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  1. #21
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    >I still like to keep a little hidden just to keep someone from pillaging my gear

    That's what happened to me. I had my backpack, cooking gear, stove, food and other stuff stolen. I guess I'm a bit jaded now, I lost a lot of trust and haven't really got it back yet. Most people on the trails are great though.

    Agreed, if there are local rules about camping, then I follow them. Not all RV camps are horrible, but I do understand the point. My question here was really with regard to hiking and backcountry camping, and I do not consider an RV campground in that category. My daughter is only 7, and up until recently really didn't have the endurance to do much back woods camping. We've spent a bit of time in these RV grounds, and used them as a basecamp and did day hikes from there. For that, they are fine, but they cannot compare with really being out in the bush. They were a good intro for my daughter though. This spring, we're planning some hikes in NY and Vermont, so she'll get her first taste of real hiking and camping. (I only have small hiking tents, so I think the sleeping arrangements will be Mom/Daughter/Dog in a small tent; myself in a hammock. I suspect along the way, the hammock will be taken over by one of them, that's fine. My daughter wants to stay in the hammock with me, but I'm not sure that'll work really)

  2. #22
    MacEntyre's Avatar
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    Quote Originally Posted by bristolview View Post
    I guess I'm a bit jaded now...
    I don't think so. Lots of bad things happen in the woods, where we are more vulnerable and isolated. Most people are good neighbors, but that doesn't mean you shouldn't watch out for the bad guys!
    "We must, indeed, all hang together or, most assuredly, we shall all hang separately." - Ben Franklin
    www.MollyMacGear.com

  3. #23
    Doctari's Avatar
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    Yes, , , , and No.

    Because I can camp nearly anywhere, I genarally do.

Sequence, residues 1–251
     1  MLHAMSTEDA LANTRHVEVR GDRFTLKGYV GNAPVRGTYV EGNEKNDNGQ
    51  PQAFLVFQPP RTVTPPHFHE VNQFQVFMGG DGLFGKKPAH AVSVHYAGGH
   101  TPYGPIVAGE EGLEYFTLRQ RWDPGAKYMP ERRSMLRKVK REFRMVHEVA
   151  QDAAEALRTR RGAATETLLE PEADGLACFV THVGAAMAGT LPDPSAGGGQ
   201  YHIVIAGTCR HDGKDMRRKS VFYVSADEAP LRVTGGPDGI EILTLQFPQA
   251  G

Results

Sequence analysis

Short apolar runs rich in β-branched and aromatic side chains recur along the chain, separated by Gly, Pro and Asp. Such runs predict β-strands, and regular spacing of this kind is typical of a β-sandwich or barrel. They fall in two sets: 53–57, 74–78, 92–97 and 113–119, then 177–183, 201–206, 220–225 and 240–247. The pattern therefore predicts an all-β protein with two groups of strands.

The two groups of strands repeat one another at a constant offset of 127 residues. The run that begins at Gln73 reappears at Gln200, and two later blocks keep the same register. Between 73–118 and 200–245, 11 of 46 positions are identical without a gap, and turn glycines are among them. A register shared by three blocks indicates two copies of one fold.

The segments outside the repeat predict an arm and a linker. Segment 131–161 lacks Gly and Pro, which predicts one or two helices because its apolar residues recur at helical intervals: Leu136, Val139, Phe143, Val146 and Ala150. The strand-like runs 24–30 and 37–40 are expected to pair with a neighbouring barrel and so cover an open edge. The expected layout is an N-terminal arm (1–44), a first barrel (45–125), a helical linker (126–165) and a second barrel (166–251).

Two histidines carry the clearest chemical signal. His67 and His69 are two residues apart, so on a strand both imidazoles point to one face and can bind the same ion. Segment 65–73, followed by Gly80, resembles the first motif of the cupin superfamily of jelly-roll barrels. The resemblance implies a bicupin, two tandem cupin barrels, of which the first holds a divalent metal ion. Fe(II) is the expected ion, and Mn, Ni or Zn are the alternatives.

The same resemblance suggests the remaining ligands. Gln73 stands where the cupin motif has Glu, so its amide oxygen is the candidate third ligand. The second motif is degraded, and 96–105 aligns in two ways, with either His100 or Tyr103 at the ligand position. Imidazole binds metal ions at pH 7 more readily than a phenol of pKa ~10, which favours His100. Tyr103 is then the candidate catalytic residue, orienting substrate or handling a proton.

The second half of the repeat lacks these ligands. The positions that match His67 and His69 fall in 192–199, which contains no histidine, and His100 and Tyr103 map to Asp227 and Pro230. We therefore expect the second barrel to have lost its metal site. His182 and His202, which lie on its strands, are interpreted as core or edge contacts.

One of my favorite "Hammock vs Tent" stories: I was hiking with my then work partner & his 17 yo nephew (from Florida) along Osborne bend loop in RRG, ths is a tril along a ridge, minimal tent sites. I decided to take a break, & never caught up with them, , well, I decided they needed Uncle / nephew time, and I was tired. So, I set up right next to the trail, had a GREAT night sleep, as usual. The next AM, I caught up with them, sleeping on the ground on the side of a fairly steep hill. I had to wake them both up, even the 17 year old was moaning & groaning about how bad he had slept on the side of the hill. I laughed & said "I slept great!" My work partner said, and not for the first or last time: "Shut up Gary!".

    Poor groundlings.
    When you have a backpack on, no matter where you are, you’re home.
    PAIN is INEVITABLE. MISERY is OPTIONAL.

  4. #24
    Senior Member
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    Quote Originally Posted by Doctari View Post
    Yes, , , , and No.

    Because I can camp nearly anywhere, I genarally do.
    One of my favorite "Hammock vs Tent" stories: I was hiking with my then work partner & his 17 yo nephew (from Florida) along Osborne bend loop in RRG, ths is a tril along a ridge, minimal tent sites. I decided to take a break, & never caught up with them, , well, I decided they needed Uncle / nephew time, and I was tired. So, I set up right next to the trail, had a GREAT night sleep, as usual. The next AM, I caught up with them, sleeping on the ground on the side of a fairly steep hill. I had to wake them both up, even the 17 year old was moaning & groaning about how bad he had slept on the side of the hill. I laughed & said "I slept great!" My work partner said, and not for the first or last time: "Shut up Gary!".

    Poor groundlings.

    Now he or I wouldn't say that!
    Is that too much to ask? Girls with frikkin' lasers on their heads?
    The hanger formly known as "hammock engineer".

  5. #25
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    My favorite story was camping with a friend. We were on a knoll above the creekbed, but on the downside of a steep hill that was cutting wind for us. I strung up my (lawson) hammock and went to sleep, even though the clouds opened up like pouring buckets. In the morning, I learned that my hiking partner was bailing water from his tent most of the night. The runoff from the hill created a small creek, completely flooded his tent. We're not talking wet, we're talking about 4 inches of standing water. I never noticed, just listened to the raindrops on the fly and swaying gently. Ahhh, nice. Needless to say, his pack was a good bit heavier that day too, as EVERYTHING was soaked. The Lawson sucked (in general), but still better than a tent.

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